To enable remote access, first associate an Elastic IP with the instance.
You can also create a custom domain with DNS Route 53 service but to begin with you can simply add an entry to your /etc/hosts file

With CoreOS the password authentication is disabled via SSH so make sure to select a key pair when creating the instance.
The root user is disabled for SSH access, use the user core instead.
To make access more convenient you can configure the identity file with a given host.

  1. First copy the key file to ~/.ssh
  2. Edit ~/.ssh/config and add the following
    • Host
    • IdentityFile ~/.ssh/aws-dev.pem

Now you should be able to access you docker host by typing ssh

Another option is to simply reference the key identity file when accessing the host ssh -i aws-dev.pem

Running nexus container

We decided to use the official sonatype nexus image
The recommended way to run nexus is by keeping its data in a data volume which gives the flexibility of updating nexus without loosing all its data and configuration.

  1. Create data volume docker run -d --name nexus-data sonatype/nexus echo "data-only container for Nexus"
  2. Run nexus container docker run -d -p 8081:8081 --restart=always --name nexus --volumes-from nexus-data sonatype/nexus

You should be able to access your nexus repo at

Uploading private artifacts

  1. In the Views/Repositories menu, select Repositories
  2. Click in the 3rd party repository
  3. Go to the Artifact Upload tab

Upload artifact

Browse Index

Hardening security

By default nexus is pre-configured with three users:

  • admin - admin123
  • deployment - deployment123
  • anonymous

Make sure you change the admin user password and delete both the deployment and anonymous users.

In some cases having anonymous access enabled might be required, but in that situation you can re-create the anonymous user and re-enable anonymous access with the correct set of roles and privileges. If you don't have a use case to enable anonymous access then simply don't.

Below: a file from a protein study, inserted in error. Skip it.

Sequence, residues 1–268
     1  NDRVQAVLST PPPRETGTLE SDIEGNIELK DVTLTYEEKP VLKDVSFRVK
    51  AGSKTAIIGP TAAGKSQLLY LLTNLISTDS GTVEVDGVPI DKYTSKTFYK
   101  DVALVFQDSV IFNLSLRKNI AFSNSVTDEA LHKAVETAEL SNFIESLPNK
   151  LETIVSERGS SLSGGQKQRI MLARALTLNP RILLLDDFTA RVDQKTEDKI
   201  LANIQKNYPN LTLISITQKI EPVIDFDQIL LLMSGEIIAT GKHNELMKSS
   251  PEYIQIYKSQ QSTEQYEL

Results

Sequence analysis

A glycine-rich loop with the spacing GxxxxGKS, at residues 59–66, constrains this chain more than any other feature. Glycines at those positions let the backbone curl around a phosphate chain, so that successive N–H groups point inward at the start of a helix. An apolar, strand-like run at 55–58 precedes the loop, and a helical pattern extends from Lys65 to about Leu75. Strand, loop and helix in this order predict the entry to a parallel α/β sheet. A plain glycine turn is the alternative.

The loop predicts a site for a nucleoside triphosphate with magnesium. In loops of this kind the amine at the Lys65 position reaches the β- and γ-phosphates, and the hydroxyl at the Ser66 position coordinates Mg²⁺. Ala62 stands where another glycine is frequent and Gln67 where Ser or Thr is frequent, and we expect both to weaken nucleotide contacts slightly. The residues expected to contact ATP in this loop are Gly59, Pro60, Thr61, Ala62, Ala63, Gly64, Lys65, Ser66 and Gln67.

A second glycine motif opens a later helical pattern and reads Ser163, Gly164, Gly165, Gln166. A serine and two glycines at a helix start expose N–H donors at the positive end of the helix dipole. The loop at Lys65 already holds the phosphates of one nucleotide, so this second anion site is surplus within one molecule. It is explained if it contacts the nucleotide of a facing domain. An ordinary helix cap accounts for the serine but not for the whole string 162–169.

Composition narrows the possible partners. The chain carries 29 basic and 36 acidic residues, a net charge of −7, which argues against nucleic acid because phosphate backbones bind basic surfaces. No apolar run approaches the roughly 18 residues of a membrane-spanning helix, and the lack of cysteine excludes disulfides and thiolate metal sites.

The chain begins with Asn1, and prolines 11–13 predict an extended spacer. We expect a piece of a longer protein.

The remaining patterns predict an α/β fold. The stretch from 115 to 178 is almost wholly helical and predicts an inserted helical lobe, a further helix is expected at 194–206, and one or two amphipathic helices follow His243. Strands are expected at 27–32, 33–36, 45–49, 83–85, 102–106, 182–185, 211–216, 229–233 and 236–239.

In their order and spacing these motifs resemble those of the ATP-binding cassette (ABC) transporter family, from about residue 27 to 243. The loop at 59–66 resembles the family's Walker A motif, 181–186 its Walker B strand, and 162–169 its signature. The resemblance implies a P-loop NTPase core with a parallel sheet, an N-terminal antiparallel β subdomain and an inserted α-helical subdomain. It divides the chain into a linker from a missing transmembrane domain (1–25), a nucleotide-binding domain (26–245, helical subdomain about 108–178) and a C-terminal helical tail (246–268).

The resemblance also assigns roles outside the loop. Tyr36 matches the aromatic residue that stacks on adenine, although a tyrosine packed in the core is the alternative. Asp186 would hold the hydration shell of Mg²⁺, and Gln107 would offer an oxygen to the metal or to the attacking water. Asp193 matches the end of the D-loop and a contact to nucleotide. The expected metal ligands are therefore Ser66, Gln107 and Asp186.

To disable anonymous access:

  1. Under the Administration menu, select Server
  2. In the Security Settings group, disabled the check box for Anonymous Access

After anonymous access has been disabled you must configure a new Privilege, Role and User to access your private group.

Creating privilege

Nexus has 3 types of privileges

  • Application privileges - covers actions a user can execute in Nexus,
  • Repository target privileges - governs the level of access a user has to a particular repository or repository target, and
  • Repository view privileges - controls whether a user can view a repository

In our case we are creating a privilege to the Cloud Dynamics group, which has our 3rd party plus public artifacts.

Create privilege

Creating role

A Nexus role is comprised of other Nexus roles and individual Nexus privileges.

Our custom role gives access to the previous created privilege

Create role

Creating user

I suggest you create a user for each developer that needs access to nexus, both from an administrative perspective or simply to download the artifacts required for a given project

Create User

Configuring maven

Now with the nexus repo installed and configured the last step is to update the maven settings to use the nexus repo instead of the default central one.

Update the $M2_HOME/conf/settings.xml file

<?xml version="1.0" encoding="UTF-8"?>  

The server section specifies the credentials for your nexus user while the mirror sets the URL maven will look for when downloading the pom dependencies for your projects.
If you don't want to change your global maven settings you can always add the server and mirror configuration to the pom.xml for a given project.

Accessing docker containers from your mac

The most prevalent solution for running docker on the mac is using boot2docker or maybe a CoreOS vagrant VM. In either case the docker0 network is not accessible in the mac since the it is created as a host only network on Virtual Box, usually with the CIDR of

A simple way to get connectivity to the host only network created for docker is to add a route for the docker's network CIDR with the gateway of the VM's IP

  1. Find the IP of your VM, if you are using docker machine then: $: docker-machine ls
  2. Find the CIDR for you docker private network
    • $: docker-machine ssh yourVmName
    • $: ifconfig docker0 | grep "inet addr" if the netmask is that means it is a /16 network so if the gateway is its CIDR would be
  3. Create a route for docker0 network: $: sudo route -n add

To confirm that the route was added successfuly you can check the route table entries with netstat, you should see something like this:

netstat -nr  
172.17        UGSc            1        4 vboxnet